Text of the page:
Keylight serves as a spill-remover at the same time, and using the Despill Bias
control the amount of spill removal can be tweaked.
The next set of tools is for tweaking
the matte, with it's own Clip Black and Clip White tools, Grow/Shrink and Spot
Removal, serving the purpose of refining or smoothing out the matte if it doesn't
look right yet - somewhat resembling After Effects own Matte Choker in it's
goal. This is where you can tweak the details of the matte to remove the specks
and lift the density to make a nice solid matte.
Here you can also control whether
you want to blend a little color back into the semi-transparent areas, if the
spill-removal results in unwanted loss of color.
Built into Keylight you'll find a
very usable set of basic color correction tools, and separate color correction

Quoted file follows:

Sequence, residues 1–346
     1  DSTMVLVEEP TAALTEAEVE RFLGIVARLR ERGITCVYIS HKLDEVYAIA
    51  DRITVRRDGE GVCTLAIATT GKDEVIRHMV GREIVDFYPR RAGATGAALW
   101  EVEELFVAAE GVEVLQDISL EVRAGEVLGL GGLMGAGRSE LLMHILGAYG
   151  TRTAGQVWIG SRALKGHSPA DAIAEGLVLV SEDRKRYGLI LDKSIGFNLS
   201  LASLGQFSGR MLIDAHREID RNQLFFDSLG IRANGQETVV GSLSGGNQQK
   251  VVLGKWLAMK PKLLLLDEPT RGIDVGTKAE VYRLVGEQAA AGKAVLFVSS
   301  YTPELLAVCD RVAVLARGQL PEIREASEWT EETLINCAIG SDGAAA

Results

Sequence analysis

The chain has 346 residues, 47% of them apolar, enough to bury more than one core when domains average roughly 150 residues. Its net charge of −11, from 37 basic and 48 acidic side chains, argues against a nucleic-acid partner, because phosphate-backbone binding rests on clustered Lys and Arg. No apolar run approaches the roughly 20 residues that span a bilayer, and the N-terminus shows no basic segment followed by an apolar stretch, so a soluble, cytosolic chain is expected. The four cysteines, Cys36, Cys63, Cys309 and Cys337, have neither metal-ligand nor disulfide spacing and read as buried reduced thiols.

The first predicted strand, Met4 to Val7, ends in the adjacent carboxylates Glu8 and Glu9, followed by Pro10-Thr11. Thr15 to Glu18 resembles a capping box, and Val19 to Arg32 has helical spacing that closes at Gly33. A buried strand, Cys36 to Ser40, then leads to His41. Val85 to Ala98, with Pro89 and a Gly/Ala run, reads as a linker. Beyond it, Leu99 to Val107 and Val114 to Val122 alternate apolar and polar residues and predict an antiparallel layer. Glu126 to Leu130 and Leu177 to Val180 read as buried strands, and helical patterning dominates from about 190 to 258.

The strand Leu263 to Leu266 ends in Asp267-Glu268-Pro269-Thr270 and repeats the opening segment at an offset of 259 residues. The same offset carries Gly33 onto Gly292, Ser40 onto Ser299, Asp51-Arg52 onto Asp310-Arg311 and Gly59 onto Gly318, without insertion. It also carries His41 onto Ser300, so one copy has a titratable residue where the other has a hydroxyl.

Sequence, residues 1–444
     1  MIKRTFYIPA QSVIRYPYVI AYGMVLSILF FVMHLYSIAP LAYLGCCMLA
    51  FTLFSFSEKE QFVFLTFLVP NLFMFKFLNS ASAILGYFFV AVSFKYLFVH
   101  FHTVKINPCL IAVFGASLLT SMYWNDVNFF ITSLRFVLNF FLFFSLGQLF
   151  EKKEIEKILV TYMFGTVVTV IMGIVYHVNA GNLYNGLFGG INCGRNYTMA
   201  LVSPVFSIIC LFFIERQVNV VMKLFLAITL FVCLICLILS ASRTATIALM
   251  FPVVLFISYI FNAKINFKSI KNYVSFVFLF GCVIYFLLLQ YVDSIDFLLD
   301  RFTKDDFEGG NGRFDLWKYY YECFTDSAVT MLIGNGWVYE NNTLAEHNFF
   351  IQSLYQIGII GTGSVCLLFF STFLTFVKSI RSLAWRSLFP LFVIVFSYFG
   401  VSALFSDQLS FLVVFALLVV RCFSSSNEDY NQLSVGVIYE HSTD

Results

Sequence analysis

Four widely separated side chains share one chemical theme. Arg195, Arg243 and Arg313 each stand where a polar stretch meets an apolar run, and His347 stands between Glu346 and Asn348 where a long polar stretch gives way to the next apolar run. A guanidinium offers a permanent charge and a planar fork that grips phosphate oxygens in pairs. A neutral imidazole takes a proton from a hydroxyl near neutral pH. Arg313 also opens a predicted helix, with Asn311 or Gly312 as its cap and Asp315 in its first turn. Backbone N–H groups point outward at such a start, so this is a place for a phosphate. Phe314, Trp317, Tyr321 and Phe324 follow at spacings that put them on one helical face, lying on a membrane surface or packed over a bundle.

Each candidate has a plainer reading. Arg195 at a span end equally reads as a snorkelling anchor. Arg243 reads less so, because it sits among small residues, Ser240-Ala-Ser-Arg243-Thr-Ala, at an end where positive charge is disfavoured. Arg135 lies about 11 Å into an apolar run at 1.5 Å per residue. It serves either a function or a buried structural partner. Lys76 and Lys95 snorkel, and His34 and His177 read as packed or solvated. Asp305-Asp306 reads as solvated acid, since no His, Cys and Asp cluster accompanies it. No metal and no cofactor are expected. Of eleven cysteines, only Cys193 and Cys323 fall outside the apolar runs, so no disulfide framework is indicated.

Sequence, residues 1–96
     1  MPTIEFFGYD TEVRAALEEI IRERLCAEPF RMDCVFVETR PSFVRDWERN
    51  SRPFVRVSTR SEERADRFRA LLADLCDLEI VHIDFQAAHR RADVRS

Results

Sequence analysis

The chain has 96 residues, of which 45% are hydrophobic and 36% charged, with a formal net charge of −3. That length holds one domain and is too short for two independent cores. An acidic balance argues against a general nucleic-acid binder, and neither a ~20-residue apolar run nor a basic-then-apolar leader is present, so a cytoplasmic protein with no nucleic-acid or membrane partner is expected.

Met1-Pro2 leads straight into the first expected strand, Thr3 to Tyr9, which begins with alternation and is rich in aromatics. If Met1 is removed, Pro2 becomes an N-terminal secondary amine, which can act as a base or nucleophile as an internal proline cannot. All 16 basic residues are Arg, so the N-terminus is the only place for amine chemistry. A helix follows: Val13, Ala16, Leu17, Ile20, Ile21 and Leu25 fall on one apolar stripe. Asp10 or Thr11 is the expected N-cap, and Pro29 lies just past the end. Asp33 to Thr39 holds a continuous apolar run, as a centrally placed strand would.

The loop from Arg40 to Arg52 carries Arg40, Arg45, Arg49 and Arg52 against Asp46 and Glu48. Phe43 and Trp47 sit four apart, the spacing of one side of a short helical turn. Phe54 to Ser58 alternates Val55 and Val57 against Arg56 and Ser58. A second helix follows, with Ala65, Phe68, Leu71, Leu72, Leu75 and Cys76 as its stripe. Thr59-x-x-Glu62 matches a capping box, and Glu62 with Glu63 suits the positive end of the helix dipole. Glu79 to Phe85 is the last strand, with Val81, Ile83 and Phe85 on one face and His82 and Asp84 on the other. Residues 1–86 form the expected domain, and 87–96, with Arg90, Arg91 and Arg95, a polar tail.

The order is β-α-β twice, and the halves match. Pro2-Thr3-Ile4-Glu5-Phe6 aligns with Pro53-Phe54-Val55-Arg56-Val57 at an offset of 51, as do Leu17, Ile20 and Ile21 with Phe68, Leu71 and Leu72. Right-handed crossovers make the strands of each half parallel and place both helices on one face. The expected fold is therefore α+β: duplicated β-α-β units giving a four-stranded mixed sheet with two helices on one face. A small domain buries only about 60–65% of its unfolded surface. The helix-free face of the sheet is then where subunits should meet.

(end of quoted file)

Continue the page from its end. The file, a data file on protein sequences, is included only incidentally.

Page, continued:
for the edges of the foreground. The basic tools are Saturation, Contrast and
Brightness, but you'll also find Color Suppression, Suppression Bias, Suppression
Amount and a nice Color Balance Wheel. The width and softness of the reach of
the Edge Color Correction can be manually adjusted.
Well, I must say I'm impressed.
This is a very, very complete set of tools, added to a very powerful keying
algorithm. Besides the keyer you get matte tools, color correction with separate
controls for edge color correction, inner and outer mask tools... the works.
And it works really well. I would have been very happy with the addition of
the basic keyer to After Effects, but Keylight is a huge bonus to the After
So, is this the only keyer
you'll ever need? Well, no. I tried Keylight on a wide variety of greenscreen